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I argue that concerns about double-counting – using the same evidence both to calibrate or tune climate models and also to confirm that the models are adequate – deserve more careful scrutiny in climate modelling circles. It is widely held that double-counting is bad and that separate data must be used for calibration and confirmation. I show that this is not true, and that climate scientists may be confusing their targets. My analysis turns on a Bayesian/relative-likelihood approach to incremental confirmation. According to this approach, double-counting is entirely proper. I go on to discuss plausible difficulties with calibrating climate models, and I distinguish more and less ambitious notions of confirmation. Strong claims of confirmation may not, in many cases, be warranted, but it would be a mistake to regard double-counting as the culprit.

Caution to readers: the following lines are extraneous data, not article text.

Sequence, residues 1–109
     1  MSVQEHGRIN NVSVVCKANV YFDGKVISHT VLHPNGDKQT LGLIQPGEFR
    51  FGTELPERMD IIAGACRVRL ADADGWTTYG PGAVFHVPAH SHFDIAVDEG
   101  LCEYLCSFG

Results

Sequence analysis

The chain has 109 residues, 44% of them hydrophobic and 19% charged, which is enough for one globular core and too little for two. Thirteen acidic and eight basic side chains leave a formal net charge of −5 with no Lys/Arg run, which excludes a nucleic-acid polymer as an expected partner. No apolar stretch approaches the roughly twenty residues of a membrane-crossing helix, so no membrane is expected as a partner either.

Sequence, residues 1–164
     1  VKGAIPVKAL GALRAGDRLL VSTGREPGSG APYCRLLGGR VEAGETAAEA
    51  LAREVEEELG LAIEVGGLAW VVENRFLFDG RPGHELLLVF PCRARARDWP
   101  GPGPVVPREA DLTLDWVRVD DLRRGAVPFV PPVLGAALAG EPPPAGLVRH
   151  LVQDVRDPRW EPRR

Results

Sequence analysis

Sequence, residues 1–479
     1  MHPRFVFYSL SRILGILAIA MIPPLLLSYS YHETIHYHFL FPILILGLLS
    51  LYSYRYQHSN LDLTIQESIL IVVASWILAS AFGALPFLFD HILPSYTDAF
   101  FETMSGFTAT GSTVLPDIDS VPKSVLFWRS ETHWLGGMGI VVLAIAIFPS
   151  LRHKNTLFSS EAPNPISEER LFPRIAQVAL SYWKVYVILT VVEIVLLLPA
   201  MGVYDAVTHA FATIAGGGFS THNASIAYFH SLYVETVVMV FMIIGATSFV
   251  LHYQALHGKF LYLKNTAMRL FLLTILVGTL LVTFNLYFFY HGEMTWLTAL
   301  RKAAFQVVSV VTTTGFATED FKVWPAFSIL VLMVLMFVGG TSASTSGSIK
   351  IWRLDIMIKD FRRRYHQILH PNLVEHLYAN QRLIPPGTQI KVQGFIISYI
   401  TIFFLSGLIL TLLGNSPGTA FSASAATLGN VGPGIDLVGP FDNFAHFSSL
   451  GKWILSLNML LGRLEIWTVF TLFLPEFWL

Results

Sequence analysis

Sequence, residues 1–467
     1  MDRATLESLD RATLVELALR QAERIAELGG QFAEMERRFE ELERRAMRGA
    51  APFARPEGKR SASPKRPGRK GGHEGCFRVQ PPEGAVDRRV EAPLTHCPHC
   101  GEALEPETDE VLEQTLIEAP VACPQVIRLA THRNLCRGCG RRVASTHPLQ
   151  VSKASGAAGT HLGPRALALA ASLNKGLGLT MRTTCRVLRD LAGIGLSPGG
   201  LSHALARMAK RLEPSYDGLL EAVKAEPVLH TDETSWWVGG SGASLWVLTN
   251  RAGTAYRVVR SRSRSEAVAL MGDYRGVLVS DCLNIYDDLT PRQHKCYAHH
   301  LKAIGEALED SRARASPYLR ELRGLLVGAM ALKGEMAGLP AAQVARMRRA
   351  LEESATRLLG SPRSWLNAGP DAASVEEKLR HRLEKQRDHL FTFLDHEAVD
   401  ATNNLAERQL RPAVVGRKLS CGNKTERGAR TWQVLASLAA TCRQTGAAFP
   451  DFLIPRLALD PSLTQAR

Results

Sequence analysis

Charlotte Werndl is an Associate Professor at the Department of Philosophy, Logic and Scientific Method, at the London School of Economics. She will be Full Professor for logic and philosophy of science at the Department of Philosophy at the University of Salzburg from September 2014 onwards. She is an associate editor of the European Journal for the Philosophy of Science and an editor of the Review of Symbolic Logic.

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